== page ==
Holy guacamole, Batman. This is really upsetting. It’s all Virginia’s fault — Woolf I mean, we’ve discussed the various possibilities for her culpability elsewhere. There I was, innocently reading an essay of hers about the uniqueness of de Quincey’s prose style, and BAM, it hit me. There’s not a drop, not a smidgen, not even a teensy weensy little bit of irony anywhere in her essay. The tone is uniformly calm, cool, elegant, without any untoward eruptions of opinion or sentiment. Reading the flow of words is like being rowed across a placid lake with the sun shining and Dutch landscape painter clouds in the sky. It’s deja vu with the heaven and Vandyck thing all over again.
But as soon as I open my big mouth irony splats all over the place. I could be said to projectile vomit it as soon as I open my gob. I got that ole time irony way down in my heart. Jeez, Jemima. How did this happen? How did it get there? And can we get it out without undue discomfort or excessive collateral damage?
Not only that, I break authorial register right and left to the point that literary critics would find me tasty pickings as a case in point for the theory of the social construction of narration. How, I ask myself with my eyebrows arched in alarm, did I stumble unawares into this lion’s den? We need to sort this out — and pronto, Tonto.
Oops, just did it again … Damn.
I’ve just done a panicky Google search on “social construction narrator voice,” like somebody with a bad stomach pain frantically Googling symptoms, half afraid of what might turn up. This is scaring me … … … Oh CRAP. “Narrative Practices and the Social Construction of Self.” I knew it was bad but I didn’t think it was that bad … This is some serious doo doo. Might even have to call in … Foucault. 🙁 OMG why me, God, why ME??
(a few hours later …)
OK, I think we’ve got it under control now. Thank God I didn’t use all those 20mg Valium tabs the dentist gave me two weeks ago when I had that wisdom tooth out. I’ve never been one to turn up my nose at a bit of better living through chemistry. So down the hatch and shortly afterward aaaahhhh, everything seems a little bit easier. 🙂
So, irony is the bugbear. It’s through and through me like mold through blue cheese. I never paid attention to its spread and was astonished to discover (thanks a lot, Virginia) that apparently no aspect of my consciousness or conscious expression is exempt from it. If I ask myself, “when are you absolutely sure you’re not being ironic?” The answer is: when I’m asleep. Damn.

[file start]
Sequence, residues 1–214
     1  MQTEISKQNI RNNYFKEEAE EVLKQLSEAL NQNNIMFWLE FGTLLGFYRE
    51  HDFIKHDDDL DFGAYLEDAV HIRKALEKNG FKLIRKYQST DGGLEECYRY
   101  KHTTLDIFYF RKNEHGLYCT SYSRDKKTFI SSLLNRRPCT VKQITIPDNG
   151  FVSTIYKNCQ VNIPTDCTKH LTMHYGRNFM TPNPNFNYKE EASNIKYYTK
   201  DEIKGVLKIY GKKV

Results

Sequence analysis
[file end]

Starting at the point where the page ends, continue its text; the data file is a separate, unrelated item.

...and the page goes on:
But I’m such an ordinary bloke, so vastly unlikely to become a blip on anybody’s genius radar, that I can’t possibly believe it all comes from my own doing. Something else is going on here, something of which I represent merely one example readily to hand, not some anomaly of beingness that never was before nor shall ever be again. Heavens no. We’re dealing with something entirely commonplace here, so let’s pick things apart and see what’s in the nasty stew that bubbled over this morning (thanks again, Virginia, kick a girl when she’s down why don’t you).
The social construction of reality, of consciousness, of self. That’s the dark tunnel we’re headed into. But before you start Googling and pulling up articles from Professor This and The Center for Advanced Studies of That, let’s remember one important thing. We mustn’t throw the “subject” — that is to say, the breathing, thinking, feeling, excreting individual every one of us is — out with the bathwater, as so often happens in discussions of these things in the academy. The “subject” in an academic paper is one thing; somebody rummaging through a bathroom drawer for a Valium after getting clobbered by Virginia is quite another. So let’s not forget: we’re talking about lives here, not just a composite locus of narration or a nexus of social positing. I would never deport anybody to that academic La La Land, no matter what they’ve done — not even Virginia after she whapped me up side the head this morning and sent me lurching for a tablet.